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IELTS Reading: How important is culture?

Will your culture affect your performance in IELTS Reading?

Back in 1978, researchers at the University of Illinois conducted an experiment in which they asked subjects from India and the US to read two passages: one about an Indian wedding and the other about an American wedding. They then tested their reading comprehension. They found that ‘Subjects read the native passage more rapidly, recalled a larger amount of information from the native passage, produced more culturally appropriate elaborations of the native passage, and produced more culturally based distortions of the foreign passage.’

In other words, they found that your culture does affect reading performance and the way you interpret a text.

How is this relevant to IELTS?

The official IELTS Guide for Teachers states that IELTS Academic Reading test passages ‘are taken from books, journals, magazines and newspapers and are on academic topics of general interest. All have been selected for a nonspecialist audience.’

However, it is more accurate to say that they have been selected for a nonspecialist audience from the Western academic tradition. If you are from a very different academic tradition — say, Chinese, or Arabic — the Illinois experiment suggests you may not relate to the texts in the same way as your Western counterparts, that you will read the text more slowly, and that you will remember less.

How do you solve this problem?

You need to familiarise yourself with the kind of text you will see in the IELTS Reading test. Luckily, this is quite easy to do because many ‘journals, magazines and newspapers’ are available free online, and topics are fairly predictable.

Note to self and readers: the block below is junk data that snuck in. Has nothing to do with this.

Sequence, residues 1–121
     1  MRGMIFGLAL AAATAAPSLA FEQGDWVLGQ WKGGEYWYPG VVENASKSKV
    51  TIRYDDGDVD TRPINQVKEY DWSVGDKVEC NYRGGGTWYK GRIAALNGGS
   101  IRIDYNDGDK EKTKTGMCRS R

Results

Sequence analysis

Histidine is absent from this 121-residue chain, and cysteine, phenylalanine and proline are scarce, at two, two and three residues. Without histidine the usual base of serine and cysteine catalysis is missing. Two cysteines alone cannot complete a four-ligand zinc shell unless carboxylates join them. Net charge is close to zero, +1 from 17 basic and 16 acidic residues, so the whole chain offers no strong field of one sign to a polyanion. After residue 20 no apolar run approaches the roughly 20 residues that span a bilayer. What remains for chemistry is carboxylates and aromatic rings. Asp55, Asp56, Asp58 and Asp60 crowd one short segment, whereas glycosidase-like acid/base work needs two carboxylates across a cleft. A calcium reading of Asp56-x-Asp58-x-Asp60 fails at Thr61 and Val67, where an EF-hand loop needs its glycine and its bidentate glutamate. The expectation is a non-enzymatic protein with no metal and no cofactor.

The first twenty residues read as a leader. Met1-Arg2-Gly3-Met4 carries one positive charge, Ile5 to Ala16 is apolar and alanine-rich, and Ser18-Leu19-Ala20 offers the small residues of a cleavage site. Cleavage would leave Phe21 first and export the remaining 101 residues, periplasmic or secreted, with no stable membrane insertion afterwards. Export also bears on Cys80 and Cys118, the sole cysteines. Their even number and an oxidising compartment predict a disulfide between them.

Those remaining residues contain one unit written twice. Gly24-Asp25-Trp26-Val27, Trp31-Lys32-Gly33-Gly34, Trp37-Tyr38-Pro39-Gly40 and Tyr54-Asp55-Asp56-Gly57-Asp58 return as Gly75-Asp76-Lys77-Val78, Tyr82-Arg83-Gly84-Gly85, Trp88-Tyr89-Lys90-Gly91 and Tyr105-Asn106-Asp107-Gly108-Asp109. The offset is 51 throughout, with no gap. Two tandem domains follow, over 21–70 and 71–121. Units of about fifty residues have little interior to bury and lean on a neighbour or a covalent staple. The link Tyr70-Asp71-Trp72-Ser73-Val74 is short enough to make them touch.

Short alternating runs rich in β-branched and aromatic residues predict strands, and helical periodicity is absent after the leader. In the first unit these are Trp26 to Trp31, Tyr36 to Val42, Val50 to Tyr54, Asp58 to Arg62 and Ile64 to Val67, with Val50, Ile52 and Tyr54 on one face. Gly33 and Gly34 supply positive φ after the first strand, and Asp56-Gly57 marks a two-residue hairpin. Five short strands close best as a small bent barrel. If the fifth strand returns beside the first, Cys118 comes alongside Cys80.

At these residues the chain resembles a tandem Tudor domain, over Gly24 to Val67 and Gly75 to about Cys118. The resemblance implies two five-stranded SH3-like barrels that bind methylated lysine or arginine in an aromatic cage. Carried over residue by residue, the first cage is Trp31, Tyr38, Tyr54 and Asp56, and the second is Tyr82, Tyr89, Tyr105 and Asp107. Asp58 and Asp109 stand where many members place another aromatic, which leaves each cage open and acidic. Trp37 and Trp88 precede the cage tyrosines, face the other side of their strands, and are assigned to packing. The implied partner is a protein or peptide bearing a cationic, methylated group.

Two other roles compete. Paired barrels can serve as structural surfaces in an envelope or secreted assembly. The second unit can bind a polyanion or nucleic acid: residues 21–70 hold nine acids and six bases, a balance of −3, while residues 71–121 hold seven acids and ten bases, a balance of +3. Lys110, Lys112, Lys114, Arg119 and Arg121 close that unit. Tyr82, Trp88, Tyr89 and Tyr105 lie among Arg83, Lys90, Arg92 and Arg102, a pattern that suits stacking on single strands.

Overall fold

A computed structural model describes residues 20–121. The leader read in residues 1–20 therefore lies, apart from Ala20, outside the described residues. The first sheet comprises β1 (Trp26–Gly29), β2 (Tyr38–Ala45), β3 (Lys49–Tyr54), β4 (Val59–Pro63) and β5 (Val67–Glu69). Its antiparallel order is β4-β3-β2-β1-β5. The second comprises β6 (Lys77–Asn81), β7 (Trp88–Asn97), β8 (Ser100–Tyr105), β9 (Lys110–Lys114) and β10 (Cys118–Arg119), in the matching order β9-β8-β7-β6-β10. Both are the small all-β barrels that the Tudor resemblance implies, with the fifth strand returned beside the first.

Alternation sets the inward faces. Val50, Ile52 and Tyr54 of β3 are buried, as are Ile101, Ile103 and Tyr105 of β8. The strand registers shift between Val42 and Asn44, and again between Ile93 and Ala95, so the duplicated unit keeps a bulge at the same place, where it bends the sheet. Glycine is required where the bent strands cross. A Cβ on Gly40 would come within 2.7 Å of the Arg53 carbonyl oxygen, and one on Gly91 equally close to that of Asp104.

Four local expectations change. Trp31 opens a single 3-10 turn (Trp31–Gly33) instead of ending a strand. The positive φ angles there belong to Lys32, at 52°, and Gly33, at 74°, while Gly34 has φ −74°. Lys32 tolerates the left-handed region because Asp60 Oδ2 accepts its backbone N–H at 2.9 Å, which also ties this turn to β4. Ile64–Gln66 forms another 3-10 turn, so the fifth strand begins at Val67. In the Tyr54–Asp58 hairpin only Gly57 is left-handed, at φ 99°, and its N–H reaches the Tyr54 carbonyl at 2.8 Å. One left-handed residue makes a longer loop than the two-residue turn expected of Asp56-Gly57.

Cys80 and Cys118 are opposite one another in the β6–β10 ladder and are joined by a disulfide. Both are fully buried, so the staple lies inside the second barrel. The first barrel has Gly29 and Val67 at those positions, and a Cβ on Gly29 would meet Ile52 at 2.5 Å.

Firstly, here is a list of the kind of topic that might be selected for a nonspecialist audience:

  • welfare and social support
  • environmental issues
  • technology and society
  • language and communication
  • the ageing population
  • travel and tourism
  • language and communication
  • health

Secondly, here are three suggestions of newspapers that are widely read by a nonspecialist audience from the Western academic tradition (together with suggested sections):

  1. The Guardian, Environment
  2. The Independent, Tech
  3. The New York Times, Travel

Every day, choose an article and set aside some time to read it. If you have more time, look at the structure of the article. How does it start? Can you follow the argument? Is there a conclusion? And if you have a lot of time, look for vocabulary that appears more than once, note it and learn it.

One comment

  1. Evgen says:

    Its true at some point, but on the other hand IELST tests your understanding of material covered in the text, and not relays on the general knowledge of the subject . It can be tricky, if you aware of something but this information is not explained in the article they way you know it – you may choose answer based on your personal knowledge of the subject which can easily contradict with the information presented in tested material.
    In other words, your knowledge of the subject (indian weddings e.g.) may be an obstacle if its described differently in text on your test.
    Some people also believe that if they totally familiar with the subject or concept, they pay less attention to what is actually written in the text, and thus the result can be jeopardised as they can easily choose the “wrong” in that case answers.

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